There was no clear relationship between the length of time the respondent had been interested in SSA related issues and satisfaction with SSA's identification and work on new and emerging research and policy issues. Respondents who said they were interested in SSA related issues for five to nine years and more than twenty years were the most likely to be very satisfied with overall quality (around 19.5%); respondents who were interested in SSA related issues for between ten and twenty years were the least likely to be very satisfied (14.8%).
Frequency of Use. Of the respondents who identified themselves as users of SSA's information, a slight majority (53.2%) received or sought the information fewer than ten times in the preceding twenty-four months. About one-quarter reported use more than 20 times, including about 10 percent using more than 50 times.
Not surprisingly, respondents who had received or sought information from SSA more than 50 times in the past 24 months were the most likely to say they were very satisfied with the overall quality of SSA information.
Frequency of use also seems to be related to respondent satisfaction with SSA's performance in identifying and working on new and emerging research and policy issues. Respondents who had received or sought the information twenty times or more were more likely to say they were very satisfied than less frequent users.
Source of Information. Almost 90% of respondents said they got information from SSA through published or hard copy materials. Two-thirds got information from SSA's web sites.
Appendix A: Survey Methodology
Questionnaire Design And Pretests. The questionnaire was developed from an initial draft by SSA-OP. It was designed to focus on two critical components of customer satisfaction. The first part of the questionnaire was designed to measure whether individuals active in this field thought that SSA was producing research and policy information on topics of interest and importance to them. The second part of the questionnaire focused on users of SSA's research, statistical, or policy information within the two years preceding the survey, and their level of satisfaction with that information.
The questionnaire was pretested three different ways. First, Gallup conducted a focus group of nine users of OP's products to talk about the concepts in the questionnaire and to discover how they evaluated OP's products and services. Second, after the questionnaire was drafted, Gallup researchers interviewed four SSA employees to get their feedback on the questionnaire. Finally, Gallup interviewers conducted separate telephone interviews with nine OP customers, alternating between two slightly different versions of the questionnaire.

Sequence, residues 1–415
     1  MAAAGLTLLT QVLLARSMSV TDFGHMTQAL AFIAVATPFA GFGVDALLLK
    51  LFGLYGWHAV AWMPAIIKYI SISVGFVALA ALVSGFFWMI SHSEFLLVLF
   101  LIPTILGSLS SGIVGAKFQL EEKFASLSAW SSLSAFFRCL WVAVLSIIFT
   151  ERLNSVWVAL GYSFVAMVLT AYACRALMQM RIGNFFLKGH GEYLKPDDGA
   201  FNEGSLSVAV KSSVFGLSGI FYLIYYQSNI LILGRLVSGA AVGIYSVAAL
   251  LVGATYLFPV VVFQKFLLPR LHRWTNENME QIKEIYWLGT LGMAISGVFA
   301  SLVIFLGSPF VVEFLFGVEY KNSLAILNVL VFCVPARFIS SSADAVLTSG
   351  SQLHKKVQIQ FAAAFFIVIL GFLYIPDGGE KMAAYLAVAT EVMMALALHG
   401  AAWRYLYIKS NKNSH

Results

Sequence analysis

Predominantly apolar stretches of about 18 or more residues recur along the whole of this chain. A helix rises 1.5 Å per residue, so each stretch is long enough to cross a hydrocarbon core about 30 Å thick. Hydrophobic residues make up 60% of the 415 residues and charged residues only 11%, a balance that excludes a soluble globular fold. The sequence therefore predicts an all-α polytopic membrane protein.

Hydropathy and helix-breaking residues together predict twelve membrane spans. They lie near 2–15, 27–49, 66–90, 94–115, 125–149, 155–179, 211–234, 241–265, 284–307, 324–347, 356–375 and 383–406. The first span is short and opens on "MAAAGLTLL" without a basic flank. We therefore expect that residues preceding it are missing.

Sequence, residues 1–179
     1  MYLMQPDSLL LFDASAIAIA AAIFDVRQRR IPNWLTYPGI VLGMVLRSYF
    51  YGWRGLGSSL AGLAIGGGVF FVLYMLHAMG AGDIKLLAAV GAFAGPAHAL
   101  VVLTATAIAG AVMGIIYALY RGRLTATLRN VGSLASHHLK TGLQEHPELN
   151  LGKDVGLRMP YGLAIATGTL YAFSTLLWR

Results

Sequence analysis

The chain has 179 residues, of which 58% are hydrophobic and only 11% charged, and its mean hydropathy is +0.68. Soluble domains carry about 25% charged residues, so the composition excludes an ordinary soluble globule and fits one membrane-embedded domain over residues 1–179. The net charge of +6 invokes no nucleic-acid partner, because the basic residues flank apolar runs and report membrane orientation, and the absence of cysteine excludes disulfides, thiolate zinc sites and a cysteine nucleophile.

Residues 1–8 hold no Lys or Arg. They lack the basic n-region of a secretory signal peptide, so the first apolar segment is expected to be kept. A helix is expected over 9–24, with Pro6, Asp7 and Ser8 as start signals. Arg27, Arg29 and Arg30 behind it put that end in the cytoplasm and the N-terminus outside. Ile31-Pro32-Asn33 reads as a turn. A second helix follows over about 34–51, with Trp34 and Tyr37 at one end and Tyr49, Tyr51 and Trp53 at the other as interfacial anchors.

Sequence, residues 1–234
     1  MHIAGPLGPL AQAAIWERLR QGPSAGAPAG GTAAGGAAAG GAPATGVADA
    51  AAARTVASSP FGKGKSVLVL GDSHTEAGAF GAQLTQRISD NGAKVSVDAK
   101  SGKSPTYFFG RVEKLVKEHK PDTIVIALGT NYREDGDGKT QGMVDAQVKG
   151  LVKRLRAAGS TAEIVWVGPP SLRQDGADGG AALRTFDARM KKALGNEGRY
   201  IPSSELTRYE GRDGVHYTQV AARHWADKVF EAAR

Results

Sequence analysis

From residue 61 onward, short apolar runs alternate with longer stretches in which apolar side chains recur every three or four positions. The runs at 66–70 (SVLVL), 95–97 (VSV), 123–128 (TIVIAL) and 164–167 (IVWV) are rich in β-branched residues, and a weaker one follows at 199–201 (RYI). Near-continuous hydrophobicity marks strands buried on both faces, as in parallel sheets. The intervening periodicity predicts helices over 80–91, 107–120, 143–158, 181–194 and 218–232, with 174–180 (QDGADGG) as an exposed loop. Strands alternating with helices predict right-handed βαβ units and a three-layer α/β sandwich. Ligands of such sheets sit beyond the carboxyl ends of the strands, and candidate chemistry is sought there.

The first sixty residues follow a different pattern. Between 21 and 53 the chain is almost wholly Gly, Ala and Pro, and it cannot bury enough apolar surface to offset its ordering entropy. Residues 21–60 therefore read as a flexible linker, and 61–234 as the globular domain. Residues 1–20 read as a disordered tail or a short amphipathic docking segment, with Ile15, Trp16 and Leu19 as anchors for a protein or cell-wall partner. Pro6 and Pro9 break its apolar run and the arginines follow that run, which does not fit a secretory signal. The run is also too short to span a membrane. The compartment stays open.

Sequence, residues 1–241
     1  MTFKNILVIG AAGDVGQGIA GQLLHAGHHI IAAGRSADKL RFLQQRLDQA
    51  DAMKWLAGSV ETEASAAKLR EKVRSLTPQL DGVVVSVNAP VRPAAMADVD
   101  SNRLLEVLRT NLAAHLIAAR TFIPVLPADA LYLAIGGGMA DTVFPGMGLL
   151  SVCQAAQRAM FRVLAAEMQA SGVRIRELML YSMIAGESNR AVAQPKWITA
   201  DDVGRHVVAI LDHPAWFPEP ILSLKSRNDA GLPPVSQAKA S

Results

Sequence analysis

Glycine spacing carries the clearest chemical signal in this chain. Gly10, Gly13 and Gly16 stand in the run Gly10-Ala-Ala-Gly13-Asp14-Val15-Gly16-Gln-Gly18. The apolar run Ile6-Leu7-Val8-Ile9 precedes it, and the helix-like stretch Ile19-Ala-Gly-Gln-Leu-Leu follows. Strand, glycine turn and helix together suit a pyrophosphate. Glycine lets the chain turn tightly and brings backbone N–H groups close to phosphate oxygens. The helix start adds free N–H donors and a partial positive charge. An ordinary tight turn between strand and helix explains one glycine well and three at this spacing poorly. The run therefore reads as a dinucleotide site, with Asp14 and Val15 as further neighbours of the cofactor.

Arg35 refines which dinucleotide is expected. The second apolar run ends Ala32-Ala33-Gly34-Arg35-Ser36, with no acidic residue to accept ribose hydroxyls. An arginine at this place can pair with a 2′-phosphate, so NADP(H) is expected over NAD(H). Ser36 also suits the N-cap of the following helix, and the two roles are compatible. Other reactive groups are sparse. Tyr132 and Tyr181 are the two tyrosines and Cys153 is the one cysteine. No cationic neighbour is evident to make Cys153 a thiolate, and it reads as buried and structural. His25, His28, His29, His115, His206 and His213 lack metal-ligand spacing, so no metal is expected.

Sample Frame And Selection. Given the subject matter of this survey—research, statistical, and policy information from SSA—it was impossible to operationally define the population of customers or intended customers in a comprehensive manner. Clearly, the population would include subscribers to SSA-OP's publications. But the population would also include non-subscribers who are active in this area of research/policy and who make use of SSA materials in libraries and over the internet, who contact SSA with requests for information, or who receive information through SSA presentations and briefings. This population could not be fully identified. In addition, there was no obvious list for another segment of the target population, "Decisionmakers," as mentioned in SSA's Performance Plan.
After exploring the availability and utility of various lists and sources of names, OP's survey team, in consultation with Gallup and others, developed four lists that seemed a reasonable approach to a sampling frame for this first OP Customer Satisfaction Survey.
The first of these lists was composed of a small group of Decisionmakers, individuals in high-level positions in SSA and related federal agencies who are presumed to have enhanced potential for influencing policy decisions. This list of 59 names was prepared by OP's executive staff.
A second list consisted of individual Subscribers to a cross-section of SSA-OP publications. Specifically, those publications included: 1) Social Security Bulletin, 2) ORES Working Papers, 3) Social Security Programs Throughout the World, and 4) SSI reports, including SSI Disabled Workers and WIN Provisions, Children Receiving SSI, and SSI Annual Statistical Report. There were 885 non-duplicative names on this list.